FOLLOW ME ON TWITTER: @JaneAustenCode
(& scroll all the way down to read my literary sleuthing posts)
Thanks! -- Arnie Perlstein, now living in "Portlandia"!

Thursday, March 31, 2011

More about Mary Bennet as Jane Austen's alter ego

During the past few months, I have written on several occasions about Mary Benet as a veiled self-portrait by Jane Austen. I recently rekindled that topic in Janeites, and it led to an interesting thread which I will give the highlights of, below.

First, Nancy Mayer questioned my claim that Mary Bennet whispers her most famous speech about the brittleness of female reputation to Elizabeth, and does not blare her opinion to the entire Bennet family:

[Nancy]: "Mary whispers once. The other times she speaks out."

Here's the actual text, which is clear that Mary whispers and then "added" and "continued", which I believe is most fairly read as _also_ being whispers. As for the narrative judgments on Mary's speaking, they can either be read as objective (as you read them) or as strongly colored by Lizzy's _subjective_ thoughts about Mary (as I claim is a valid and plausible _alternative_ reading):

"As for Mary, she was mistress enough of herself to _whisper_ to Elizabeth, with a countenance of grave reflection, soon after they were seated at table -- "This is a most unfortunate affair; and will probably be much talked of. But we must stem the tide of malice, and pour into the wounded bosoms of each other the balm of sisterly consolation."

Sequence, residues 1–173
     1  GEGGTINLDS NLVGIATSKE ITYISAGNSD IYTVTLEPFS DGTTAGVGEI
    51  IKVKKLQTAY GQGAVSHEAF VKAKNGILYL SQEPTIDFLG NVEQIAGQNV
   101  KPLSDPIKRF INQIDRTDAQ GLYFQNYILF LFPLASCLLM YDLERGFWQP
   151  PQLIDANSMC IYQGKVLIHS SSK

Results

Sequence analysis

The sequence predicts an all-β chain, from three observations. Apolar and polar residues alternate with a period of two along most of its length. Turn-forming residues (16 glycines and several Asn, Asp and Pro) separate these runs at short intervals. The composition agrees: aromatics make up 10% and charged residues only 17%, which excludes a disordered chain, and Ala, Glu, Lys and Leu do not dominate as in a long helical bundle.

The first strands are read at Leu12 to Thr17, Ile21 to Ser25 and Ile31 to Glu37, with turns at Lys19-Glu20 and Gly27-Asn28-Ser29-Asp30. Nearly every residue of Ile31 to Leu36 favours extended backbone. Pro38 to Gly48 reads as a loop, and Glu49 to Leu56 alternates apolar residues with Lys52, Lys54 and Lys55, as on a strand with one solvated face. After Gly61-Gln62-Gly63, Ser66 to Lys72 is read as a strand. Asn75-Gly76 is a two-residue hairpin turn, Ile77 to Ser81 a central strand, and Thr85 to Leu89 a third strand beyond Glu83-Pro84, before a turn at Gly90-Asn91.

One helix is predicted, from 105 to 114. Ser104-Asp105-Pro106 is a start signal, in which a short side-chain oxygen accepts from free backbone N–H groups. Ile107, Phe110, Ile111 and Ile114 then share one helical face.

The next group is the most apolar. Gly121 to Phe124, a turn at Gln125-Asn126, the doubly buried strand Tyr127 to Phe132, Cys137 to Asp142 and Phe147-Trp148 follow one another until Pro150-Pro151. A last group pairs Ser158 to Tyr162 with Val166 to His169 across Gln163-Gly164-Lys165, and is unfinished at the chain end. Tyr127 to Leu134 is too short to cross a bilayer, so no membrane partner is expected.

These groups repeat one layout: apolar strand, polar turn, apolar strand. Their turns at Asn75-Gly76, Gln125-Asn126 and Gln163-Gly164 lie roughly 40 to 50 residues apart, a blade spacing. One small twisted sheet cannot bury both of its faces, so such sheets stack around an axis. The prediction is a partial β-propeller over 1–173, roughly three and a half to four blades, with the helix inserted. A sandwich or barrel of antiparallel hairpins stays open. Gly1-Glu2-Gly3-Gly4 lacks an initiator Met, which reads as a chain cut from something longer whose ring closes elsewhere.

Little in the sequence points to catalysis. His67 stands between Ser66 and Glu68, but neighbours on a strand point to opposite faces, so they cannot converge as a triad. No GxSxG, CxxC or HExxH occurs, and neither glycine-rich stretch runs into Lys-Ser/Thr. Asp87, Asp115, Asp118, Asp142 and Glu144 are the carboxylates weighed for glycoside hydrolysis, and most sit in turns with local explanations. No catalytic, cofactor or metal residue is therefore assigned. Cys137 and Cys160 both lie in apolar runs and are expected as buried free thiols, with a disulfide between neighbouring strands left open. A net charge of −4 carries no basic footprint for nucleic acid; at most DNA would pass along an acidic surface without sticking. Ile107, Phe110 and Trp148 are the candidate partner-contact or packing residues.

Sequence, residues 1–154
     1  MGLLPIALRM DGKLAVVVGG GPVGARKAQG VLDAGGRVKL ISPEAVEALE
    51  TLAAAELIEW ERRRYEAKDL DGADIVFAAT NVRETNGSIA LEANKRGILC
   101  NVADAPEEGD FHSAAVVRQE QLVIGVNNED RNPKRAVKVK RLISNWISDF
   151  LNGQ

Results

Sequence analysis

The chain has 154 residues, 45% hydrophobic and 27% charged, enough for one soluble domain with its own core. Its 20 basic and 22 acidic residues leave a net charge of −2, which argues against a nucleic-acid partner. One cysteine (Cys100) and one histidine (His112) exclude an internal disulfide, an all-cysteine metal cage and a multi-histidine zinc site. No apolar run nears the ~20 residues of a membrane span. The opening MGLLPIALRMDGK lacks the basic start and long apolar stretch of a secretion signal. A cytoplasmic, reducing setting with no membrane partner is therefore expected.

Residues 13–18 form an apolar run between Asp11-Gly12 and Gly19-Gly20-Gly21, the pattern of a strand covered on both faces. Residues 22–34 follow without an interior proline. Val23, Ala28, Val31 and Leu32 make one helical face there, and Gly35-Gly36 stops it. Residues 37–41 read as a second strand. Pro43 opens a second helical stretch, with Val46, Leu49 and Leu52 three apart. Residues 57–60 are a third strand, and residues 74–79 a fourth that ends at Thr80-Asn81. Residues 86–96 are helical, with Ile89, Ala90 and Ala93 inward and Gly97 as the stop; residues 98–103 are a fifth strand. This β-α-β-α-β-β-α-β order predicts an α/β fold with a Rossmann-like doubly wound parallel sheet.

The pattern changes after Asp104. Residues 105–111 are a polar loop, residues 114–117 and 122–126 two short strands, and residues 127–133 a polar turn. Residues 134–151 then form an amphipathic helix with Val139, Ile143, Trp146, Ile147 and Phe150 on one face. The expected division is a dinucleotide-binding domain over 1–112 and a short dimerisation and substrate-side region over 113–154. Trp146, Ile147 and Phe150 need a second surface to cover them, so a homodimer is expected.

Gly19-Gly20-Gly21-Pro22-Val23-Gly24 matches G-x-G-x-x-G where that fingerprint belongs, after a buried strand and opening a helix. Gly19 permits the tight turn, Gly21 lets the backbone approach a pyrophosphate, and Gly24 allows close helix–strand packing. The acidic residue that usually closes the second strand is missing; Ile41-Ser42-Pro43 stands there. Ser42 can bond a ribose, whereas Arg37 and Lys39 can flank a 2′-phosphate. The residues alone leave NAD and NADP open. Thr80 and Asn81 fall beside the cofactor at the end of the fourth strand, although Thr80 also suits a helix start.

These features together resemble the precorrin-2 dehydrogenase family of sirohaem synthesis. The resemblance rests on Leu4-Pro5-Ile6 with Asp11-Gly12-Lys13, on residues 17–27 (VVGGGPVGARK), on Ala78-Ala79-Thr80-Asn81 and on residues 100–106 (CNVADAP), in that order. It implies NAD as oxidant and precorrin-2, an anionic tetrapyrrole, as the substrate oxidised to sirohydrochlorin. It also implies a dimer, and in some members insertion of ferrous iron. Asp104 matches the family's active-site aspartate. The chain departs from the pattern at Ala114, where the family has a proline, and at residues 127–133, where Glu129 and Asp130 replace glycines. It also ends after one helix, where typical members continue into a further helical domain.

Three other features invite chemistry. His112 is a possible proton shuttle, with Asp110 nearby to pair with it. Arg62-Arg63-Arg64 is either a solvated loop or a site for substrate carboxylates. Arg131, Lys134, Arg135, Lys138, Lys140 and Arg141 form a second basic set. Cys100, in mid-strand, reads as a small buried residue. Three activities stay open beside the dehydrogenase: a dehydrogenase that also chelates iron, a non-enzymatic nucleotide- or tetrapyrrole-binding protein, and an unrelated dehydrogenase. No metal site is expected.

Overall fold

Then, perceiving in Elizabeth no inclination of replying, she added, "Unhappy as the event must be for Lydia, we may draw from it this useful lesson: that loss of virtue in a female is irretrievable -- that one false step involves her in endless ruin -- that her reputation is no less brittle than it is beautiful -- and that she cannot be too much guarded in her behaviour towards the undeserving of the other sex."

Elizabeth lifted up her eyes in amazement, but was too much oppressed to make any reply. Mary, however, continued to console herself with such kind of moral extractions from the evil before them."

Lizzy _feels_ like she is being oppressed by Mary, and that Mary is narcissistically indulging in preaching, but what if that is not what Mary is doing at all, but is only one more misjudgment of people by Lizzy? She certainly spends most of the novel misjudging others.

I see a perfectly valid alternative reading in which Mary warns Lizzy against Lizzy's hubris in thinking herself so different from Lydia, but actually being in danger of unwittingly following Lydia's example, by being vulnerable to seduction. After all, Wickham had Lizzy wrapped around his finger, until _he_ abandoned _her_ to go after Miss King. It was not Lizzy who saw Wickham for who he was. And Aunt Gardiner warns Lizzy too--Mary is being a concerned proactive sister here, telling Lizzy what she does not want to listen to...but should.

Maybe Mary, like Charlotte, foresees what is coming between Lizzy and Darcy, and is worried for her sister.

Cheers, ARNIE

No comments: